After Mason’s death, the four New Hampshire towns faced a period of political uncertainty. Massachusetts began to claim southern New Hampshire in about 1638. The English Revolution (1640-1660), which overthrew the monarchy and created years of turmoil in England, left the colony without a definite central authority. From the early 1640s until 1679, the New Hampshire towns placed themselves under the protection of the Massachusetts Bay Colony. During this time few new settlements were created, and only one important exploration was undertaken, which led to the discovery of the White Mountains.
After the restoration of the English monarchy in 1660, Robert T. Mason sought the return of the lands he had inherited from his grandfather, John. As a result, New Hampshire was detached from Massachusetts and was made a royal province. The new charter, effective on January 1, 1680, provided for a president and a council, selected by the king, and for an assembly chosen by voters of the province. But political instability continued in the province, and New Hampshire was again under Massachusetts protection from 1689 to 1692. At that time it once again became separate, but the two colonies shared the same royal governor until 1741.
During this period there was bitter rivalry between the two colonies over jurisdiction in disputed lands.
Massachusetts continued to make grants of lands in parts of what was later judged to be New Hampshire, and these grants often conflicted with those made by New Hampshire. New Hampshire petitioned the king for a final settlement of its boundaries to the east and south with Massachusetts. In 1741 New Hampshire won a favorable decision, gaining more territory and its own royal governor, independent of Massachusetts.
Agriculture became the mainstay of colonial New Hampshire in the 18th century, but fur trading and fishing were profitable enterprises for the early settlers, with most of the catch being exported. Local crafts soon developed; Portsmouth had skilled cabinetmakers, and other towns specialized in making iron products, bricks, clocks, or pewter ware.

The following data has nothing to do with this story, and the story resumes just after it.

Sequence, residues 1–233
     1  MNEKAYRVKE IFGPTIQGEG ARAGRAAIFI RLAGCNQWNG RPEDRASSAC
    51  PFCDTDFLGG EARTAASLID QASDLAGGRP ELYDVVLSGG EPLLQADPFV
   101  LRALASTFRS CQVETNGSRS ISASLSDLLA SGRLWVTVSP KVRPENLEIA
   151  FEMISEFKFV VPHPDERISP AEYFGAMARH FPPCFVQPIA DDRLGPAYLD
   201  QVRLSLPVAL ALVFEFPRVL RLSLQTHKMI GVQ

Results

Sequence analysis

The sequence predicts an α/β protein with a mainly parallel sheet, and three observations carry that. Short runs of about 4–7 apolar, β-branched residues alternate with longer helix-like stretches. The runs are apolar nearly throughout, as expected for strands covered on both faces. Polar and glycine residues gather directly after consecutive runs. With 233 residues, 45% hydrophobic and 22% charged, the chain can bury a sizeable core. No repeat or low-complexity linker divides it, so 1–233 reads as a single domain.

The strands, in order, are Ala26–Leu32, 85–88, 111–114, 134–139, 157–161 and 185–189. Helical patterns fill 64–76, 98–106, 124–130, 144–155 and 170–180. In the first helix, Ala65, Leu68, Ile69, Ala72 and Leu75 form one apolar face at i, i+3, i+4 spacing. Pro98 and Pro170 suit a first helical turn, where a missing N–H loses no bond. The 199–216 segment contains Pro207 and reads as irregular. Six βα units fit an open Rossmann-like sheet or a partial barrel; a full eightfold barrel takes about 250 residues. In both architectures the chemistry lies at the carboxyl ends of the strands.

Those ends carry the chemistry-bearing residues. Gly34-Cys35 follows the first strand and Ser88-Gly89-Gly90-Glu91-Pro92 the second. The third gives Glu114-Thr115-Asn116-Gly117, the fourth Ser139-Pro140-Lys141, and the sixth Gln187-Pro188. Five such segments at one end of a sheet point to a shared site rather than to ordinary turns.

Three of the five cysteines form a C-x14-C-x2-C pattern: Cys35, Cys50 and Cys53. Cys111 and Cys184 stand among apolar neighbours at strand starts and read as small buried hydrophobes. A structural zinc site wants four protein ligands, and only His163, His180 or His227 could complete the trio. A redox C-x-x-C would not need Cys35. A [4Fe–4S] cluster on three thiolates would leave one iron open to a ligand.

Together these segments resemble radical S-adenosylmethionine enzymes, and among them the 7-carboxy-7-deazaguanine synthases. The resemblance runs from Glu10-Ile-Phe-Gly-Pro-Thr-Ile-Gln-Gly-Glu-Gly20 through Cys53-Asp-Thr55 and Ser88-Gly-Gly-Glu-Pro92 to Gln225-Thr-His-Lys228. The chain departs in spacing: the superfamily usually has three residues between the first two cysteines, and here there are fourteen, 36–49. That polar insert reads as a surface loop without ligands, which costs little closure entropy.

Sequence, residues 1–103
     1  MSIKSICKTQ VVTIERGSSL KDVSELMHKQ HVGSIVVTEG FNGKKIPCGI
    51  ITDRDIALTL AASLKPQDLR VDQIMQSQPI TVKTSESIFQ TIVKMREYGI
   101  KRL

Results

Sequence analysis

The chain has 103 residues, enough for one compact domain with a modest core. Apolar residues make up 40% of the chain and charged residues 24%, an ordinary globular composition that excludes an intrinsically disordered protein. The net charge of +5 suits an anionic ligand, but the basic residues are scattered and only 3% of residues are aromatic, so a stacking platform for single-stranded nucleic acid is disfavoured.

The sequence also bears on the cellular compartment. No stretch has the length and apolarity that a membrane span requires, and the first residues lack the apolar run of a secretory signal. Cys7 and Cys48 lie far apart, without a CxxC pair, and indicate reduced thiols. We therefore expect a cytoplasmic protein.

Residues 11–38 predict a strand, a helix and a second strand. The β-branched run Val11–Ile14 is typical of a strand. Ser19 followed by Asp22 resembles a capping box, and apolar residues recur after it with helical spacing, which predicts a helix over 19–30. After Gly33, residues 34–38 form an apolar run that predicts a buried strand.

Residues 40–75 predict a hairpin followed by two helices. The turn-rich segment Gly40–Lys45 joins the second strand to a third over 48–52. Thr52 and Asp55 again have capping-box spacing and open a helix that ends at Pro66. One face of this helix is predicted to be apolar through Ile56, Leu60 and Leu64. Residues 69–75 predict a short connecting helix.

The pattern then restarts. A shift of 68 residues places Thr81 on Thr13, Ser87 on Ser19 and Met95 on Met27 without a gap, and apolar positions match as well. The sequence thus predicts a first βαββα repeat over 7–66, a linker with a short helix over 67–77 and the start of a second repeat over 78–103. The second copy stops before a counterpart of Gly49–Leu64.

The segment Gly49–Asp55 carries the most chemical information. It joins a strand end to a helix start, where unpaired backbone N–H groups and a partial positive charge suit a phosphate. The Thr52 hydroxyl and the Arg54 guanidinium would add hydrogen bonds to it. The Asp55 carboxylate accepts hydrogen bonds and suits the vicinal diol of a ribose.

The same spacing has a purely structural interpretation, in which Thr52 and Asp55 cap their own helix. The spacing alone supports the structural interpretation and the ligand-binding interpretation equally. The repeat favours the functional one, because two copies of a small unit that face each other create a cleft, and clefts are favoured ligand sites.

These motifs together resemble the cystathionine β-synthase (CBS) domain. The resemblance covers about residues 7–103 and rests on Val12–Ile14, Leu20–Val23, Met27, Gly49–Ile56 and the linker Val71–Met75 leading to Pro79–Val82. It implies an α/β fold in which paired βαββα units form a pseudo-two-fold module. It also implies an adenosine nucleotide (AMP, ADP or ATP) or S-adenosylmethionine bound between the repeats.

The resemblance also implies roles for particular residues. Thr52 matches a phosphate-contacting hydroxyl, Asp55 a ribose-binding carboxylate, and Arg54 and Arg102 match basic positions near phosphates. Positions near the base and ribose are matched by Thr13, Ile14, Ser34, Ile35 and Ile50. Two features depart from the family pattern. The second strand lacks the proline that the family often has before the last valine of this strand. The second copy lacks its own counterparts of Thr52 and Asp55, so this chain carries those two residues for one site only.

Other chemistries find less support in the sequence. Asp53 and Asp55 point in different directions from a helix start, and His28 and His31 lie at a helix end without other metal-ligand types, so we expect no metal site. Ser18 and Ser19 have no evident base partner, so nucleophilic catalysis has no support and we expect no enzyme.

Lumbering and shipbuilding soon became important operations in 17th century New Hampshire. Boards, staves, and masts were shipped to England. Shipbuilding and the mast trade centered in Portsmouth, which developed into an important commercial town of colonial America. New Hampshire white pine, particularly suitable for ships’ masts, became especially important to the English navy.
In winter a representative of the king marked trees destined to be made into masts; the trees were cut, hauled over the snow to the river, and floated to the sea. The term “mast road” is still used in New Hampshire for the part of several modern thoroughfares that were once trails along which the masts were dragged. New Hampshire’s economy expanded in the early 18th century by the introduction of potato cultivation and linen-making by the Scots-Irish. These settlers were descendants of Scottish people who emigrated to northern Ireland, then came to the colony to escape poverty and religious persecution in the British Isles. "New Hampshire" © Emmanuel BUCHOT, Encarta, Wikipedia
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